The “tale of two cities” effect of 2020 was nowhere more evident than in the REIT sector. For a few sectors, notably industrial, the pandemic and related shutdown practically constituted a golden age, while for others, the daily reality was “silent streets, offices, shops, theaters and airports, and huge market dislocations, from which the world continues to slowly emerge,” as law firm Wachtell, Lipton, Rosen & Katz puts it.
“Many REITs are well-positioned for strong recovery and growth as the pandemic slowly recedes,” the firm says in a memo. “At the same time, REITs have learned important lessons from the seismic shifts experienced in 2020, some of which may require rethinking strategic plans and business models.”
Here are a few of the issues REIT boards will face as 2021 gets underway:
• Post-Pandemic Opportunities. “As the pandemic fades, one of the tougher questions, particularly for the stronger REITs, will be how and when to go on offense, whether that means dusting off pre-COVID deals or deal-plans (in many cases with adjustments to price or exchange ratio, asset mix, personnel or other factors), new M&A ideas, levering up, share-buybacks, going private, shedding non-core assets or other strategic transactions.”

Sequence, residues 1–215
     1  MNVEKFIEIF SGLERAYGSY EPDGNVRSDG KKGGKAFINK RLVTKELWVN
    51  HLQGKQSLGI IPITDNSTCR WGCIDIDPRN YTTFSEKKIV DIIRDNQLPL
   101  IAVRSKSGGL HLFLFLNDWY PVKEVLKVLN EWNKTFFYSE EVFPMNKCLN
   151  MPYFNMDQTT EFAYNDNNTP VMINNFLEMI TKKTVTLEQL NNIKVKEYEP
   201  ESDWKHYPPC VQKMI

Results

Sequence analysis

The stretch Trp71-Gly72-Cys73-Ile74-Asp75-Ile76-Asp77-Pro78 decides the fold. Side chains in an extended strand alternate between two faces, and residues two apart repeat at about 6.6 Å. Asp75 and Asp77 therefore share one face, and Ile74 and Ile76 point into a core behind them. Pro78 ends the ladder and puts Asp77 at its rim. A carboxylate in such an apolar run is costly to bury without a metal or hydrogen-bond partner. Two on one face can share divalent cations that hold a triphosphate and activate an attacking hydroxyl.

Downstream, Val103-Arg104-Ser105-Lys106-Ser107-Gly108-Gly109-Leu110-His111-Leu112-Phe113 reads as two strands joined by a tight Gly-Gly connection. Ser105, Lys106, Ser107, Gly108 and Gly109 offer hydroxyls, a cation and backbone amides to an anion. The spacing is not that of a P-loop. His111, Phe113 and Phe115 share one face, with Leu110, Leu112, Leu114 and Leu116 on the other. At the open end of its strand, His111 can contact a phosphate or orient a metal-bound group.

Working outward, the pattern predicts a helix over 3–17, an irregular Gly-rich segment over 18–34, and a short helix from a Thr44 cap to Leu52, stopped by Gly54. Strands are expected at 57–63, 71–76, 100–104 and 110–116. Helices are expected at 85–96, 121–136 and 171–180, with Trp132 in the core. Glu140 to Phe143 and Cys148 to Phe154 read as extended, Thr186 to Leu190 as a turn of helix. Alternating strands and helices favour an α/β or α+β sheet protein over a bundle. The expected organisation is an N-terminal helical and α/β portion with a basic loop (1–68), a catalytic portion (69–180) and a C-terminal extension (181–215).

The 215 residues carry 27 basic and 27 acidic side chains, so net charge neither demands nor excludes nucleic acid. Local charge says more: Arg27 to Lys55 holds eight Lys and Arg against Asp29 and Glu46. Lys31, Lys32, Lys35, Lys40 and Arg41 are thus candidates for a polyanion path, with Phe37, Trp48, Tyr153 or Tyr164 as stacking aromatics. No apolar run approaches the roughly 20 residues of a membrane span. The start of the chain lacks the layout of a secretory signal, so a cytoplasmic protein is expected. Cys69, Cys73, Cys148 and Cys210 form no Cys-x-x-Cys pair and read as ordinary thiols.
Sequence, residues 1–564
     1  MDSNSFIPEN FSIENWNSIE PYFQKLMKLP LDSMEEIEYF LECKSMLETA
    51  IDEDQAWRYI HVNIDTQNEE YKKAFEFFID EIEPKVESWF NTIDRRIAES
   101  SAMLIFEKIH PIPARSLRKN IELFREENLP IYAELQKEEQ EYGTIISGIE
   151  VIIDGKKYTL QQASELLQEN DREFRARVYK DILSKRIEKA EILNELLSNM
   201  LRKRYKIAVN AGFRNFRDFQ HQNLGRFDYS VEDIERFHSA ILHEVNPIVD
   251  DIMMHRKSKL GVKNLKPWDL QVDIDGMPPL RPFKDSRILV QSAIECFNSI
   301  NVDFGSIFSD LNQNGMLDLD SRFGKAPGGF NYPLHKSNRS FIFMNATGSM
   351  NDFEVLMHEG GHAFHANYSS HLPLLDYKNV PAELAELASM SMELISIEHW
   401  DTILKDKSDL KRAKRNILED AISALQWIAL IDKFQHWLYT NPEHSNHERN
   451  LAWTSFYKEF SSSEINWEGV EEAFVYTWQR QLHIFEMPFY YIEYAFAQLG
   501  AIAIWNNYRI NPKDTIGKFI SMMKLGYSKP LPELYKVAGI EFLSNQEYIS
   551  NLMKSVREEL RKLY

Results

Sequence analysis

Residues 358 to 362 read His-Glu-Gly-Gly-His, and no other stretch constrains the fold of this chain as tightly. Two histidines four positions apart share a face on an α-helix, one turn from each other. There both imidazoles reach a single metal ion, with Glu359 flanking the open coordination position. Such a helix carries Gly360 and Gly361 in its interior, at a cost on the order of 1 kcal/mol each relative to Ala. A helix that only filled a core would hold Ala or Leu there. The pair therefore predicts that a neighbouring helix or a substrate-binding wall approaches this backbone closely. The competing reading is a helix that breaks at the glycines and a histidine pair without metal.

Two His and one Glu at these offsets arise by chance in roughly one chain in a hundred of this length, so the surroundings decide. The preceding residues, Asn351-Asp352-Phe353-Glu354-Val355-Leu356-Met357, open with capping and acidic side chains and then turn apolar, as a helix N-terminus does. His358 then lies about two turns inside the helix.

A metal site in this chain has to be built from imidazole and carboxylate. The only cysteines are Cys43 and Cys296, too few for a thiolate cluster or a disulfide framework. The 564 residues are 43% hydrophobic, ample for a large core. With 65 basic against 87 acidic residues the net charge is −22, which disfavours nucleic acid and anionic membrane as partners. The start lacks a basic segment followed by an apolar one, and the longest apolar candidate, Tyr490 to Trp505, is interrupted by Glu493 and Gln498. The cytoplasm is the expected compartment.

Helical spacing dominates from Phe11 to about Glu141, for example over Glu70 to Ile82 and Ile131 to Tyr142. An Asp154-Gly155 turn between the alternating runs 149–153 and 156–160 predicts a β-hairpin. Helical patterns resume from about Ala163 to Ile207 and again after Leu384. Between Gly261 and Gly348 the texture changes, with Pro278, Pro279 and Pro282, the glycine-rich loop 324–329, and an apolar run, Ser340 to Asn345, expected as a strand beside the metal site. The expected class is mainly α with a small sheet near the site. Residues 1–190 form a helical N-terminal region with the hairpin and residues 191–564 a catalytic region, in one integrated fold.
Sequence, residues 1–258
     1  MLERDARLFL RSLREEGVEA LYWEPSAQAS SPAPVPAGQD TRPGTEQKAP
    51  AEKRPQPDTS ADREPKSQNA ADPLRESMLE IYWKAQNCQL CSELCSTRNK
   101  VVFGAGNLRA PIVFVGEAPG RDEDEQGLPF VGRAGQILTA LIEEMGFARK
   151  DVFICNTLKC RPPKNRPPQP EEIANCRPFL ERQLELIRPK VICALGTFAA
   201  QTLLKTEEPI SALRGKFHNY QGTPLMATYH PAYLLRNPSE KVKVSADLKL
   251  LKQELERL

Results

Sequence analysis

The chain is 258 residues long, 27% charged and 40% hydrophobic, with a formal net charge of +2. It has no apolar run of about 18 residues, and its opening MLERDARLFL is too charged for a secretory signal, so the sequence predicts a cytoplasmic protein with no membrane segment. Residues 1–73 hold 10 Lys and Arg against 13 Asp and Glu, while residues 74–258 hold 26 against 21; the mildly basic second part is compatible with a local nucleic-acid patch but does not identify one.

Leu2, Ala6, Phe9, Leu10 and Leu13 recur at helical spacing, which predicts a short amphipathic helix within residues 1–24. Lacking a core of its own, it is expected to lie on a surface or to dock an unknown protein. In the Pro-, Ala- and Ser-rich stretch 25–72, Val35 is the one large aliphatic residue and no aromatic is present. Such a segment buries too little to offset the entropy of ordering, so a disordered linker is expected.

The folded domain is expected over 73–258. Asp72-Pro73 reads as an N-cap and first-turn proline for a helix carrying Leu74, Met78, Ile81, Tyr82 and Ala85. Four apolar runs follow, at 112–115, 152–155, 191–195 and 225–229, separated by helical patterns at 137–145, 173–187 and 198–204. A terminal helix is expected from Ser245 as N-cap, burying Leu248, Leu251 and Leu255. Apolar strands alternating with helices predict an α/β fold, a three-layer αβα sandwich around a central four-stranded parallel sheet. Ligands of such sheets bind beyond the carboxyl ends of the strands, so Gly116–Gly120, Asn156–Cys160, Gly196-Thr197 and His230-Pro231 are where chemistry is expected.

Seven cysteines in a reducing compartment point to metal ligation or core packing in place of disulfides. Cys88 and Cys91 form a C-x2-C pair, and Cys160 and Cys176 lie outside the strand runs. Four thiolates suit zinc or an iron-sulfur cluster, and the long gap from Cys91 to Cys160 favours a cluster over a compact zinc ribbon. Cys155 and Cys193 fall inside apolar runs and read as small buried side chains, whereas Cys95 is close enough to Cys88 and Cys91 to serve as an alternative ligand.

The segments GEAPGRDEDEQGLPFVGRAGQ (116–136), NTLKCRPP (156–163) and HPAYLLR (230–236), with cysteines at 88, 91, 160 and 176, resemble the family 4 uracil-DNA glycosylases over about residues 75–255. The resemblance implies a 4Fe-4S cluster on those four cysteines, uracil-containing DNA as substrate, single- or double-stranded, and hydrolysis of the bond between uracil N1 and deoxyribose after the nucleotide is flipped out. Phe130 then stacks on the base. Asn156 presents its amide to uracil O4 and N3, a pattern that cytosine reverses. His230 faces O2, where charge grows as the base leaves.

• The Role of REITs in a Digital Society. “Every traditional business enterprise, including REITs, has to ask itself how it will fit in in the rapidly digitizing economy,” says Wachtell Lipton. “Whether it’s e-commerce, remote working, telemedicine, telelearning, drones, self-driving cars, the app-ification of everything, or any of the other trends accelerated by Covid, real estate will never be the same.”
• Activism. “COVID brought out activists, in the REIT world and beyond, in record numbers, sometimes just parking money in cheap stocks, but often seeking some kind of change or representation on boards in response to perceived underperformance,” according to the Wachtell Lipton memo. “Managing proactively and reactively for activism is now a core part of the REIT landscape.”
Other issues highlighted in the Wachtell Lipton memo include ESG, board best practices, M&A custom and practice, shareholder engagement. proxy contests, the financial markets, market checks and other deal technology, litigation and executive compensation.
Paul Bubny serves as Senior Content Director for Connect Commercial Real Estate, a role to which he brings 13-plus years’ experience covering the commercial real estate industry and 30-plus years in business-to-business journalism.
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